I do not think it looks like Hogarth or Hayman. I suppose one might consider Highmore, but that does not seem quite right.

Martin Hopkinson,

As Jacob wisely suggests , the artist or artists are likely to be provincial , although no portrait by them seem to be in the public collections of Cornwall, Devon, Dorset and Somerset on artuk.org. The Borlase family were Cornish , of course.
Local history publications of the past may help in identification, as would Borlase family papers. This is not an area of West Country art before Reynolds that is much investigated yet.

Jacinto Regalado,

If the artist was provincial, he was good enough that the name should be known, at least to a period specialist or, more specifically, an authority on conversation pieces.

Lou Taylor, Dress and Textiles,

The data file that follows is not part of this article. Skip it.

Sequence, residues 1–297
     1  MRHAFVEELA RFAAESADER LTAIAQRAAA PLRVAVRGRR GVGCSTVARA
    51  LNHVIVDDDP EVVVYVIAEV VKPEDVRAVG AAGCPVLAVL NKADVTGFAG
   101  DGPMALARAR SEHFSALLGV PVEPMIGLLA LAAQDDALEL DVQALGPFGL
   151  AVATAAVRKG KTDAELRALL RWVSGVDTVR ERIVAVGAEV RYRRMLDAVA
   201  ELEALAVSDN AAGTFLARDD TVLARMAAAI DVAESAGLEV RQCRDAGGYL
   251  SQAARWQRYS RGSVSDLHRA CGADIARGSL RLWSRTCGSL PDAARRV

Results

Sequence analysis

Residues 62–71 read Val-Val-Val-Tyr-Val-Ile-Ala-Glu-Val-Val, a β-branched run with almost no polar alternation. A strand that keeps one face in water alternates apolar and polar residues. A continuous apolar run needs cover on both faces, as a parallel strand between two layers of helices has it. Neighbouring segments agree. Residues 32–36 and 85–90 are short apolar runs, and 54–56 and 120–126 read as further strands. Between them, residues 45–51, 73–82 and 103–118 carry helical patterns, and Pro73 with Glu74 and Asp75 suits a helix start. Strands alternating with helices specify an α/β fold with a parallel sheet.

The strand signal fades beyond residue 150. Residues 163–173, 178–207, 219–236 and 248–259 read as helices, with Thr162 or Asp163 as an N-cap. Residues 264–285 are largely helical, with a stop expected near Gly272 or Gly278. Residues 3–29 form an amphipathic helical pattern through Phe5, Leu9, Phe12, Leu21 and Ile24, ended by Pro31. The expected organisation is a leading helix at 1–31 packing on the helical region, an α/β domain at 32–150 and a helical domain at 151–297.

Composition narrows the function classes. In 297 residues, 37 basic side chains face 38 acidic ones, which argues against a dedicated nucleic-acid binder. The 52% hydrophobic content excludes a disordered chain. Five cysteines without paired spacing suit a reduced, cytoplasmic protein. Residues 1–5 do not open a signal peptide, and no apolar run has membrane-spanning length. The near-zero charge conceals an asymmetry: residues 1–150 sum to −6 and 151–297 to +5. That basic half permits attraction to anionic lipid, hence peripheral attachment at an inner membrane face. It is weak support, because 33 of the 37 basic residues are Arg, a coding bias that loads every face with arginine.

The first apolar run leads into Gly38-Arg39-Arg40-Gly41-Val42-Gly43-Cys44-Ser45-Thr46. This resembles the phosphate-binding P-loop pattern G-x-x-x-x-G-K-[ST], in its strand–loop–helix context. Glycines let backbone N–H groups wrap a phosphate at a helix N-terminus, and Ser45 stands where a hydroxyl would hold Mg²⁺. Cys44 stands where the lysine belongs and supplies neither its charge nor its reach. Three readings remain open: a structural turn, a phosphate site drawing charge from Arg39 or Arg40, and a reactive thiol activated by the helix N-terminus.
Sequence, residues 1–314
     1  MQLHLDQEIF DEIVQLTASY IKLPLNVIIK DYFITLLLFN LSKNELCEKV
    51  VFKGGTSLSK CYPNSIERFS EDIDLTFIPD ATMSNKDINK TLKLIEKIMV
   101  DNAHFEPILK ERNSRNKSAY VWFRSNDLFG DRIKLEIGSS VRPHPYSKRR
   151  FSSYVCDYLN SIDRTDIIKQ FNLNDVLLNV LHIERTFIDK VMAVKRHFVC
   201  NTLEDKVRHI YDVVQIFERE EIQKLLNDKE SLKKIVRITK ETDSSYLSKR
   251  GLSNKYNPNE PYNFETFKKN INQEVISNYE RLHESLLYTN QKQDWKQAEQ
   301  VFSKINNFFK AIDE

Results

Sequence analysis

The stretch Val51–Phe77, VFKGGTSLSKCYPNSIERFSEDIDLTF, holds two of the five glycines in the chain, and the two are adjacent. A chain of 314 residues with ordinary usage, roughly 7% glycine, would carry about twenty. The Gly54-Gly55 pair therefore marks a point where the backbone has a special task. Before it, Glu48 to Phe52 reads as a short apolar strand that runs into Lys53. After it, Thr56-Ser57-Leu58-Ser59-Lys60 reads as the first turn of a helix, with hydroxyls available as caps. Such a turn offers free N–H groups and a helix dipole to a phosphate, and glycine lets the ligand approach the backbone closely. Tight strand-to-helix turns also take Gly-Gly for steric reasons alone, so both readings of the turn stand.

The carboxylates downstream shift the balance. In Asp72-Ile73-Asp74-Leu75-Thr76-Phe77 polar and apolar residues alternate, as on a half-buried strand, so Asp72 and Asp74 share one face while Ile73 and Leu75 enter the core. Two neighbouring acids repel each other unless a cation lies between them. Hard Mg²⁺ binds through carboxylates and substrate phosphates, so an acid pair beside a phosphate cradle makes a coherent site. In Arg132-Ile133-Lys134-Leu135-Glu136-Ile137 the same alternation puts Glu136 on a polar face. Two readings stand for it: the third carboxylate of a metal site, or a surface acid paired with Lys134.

I would date this painting to about 1725 by the clothes worn by both these members of the Borlase Family. The man's clothes are very similar to those in Philip Mercier's 'The Schultz Family on the Terrace, 1725, (1: TATE T03065) ) - same style of powered wig, same coat without a collar and similar cut, same style of coat cuff with shirt ruffles beneath. The woman is in my view, wearing a mix of artistic dress and fashionable styles- with her low v necked bodice with slightly drapery centre front and rather full sleeves. She is not however in full artistic dress, as is 2: Mary Davison, Lady Eden by Studio of Michael Dahl 1725 (PROANTIC) to give a comparison. Neither is she in straightforward fashionable dress for 1725 as are the women in the Schultz family and as is this English dress from the MET. NY of Spitalfields silk, c 1725-30 no C.1.64.14. I hope this is of some help.SEE via Google: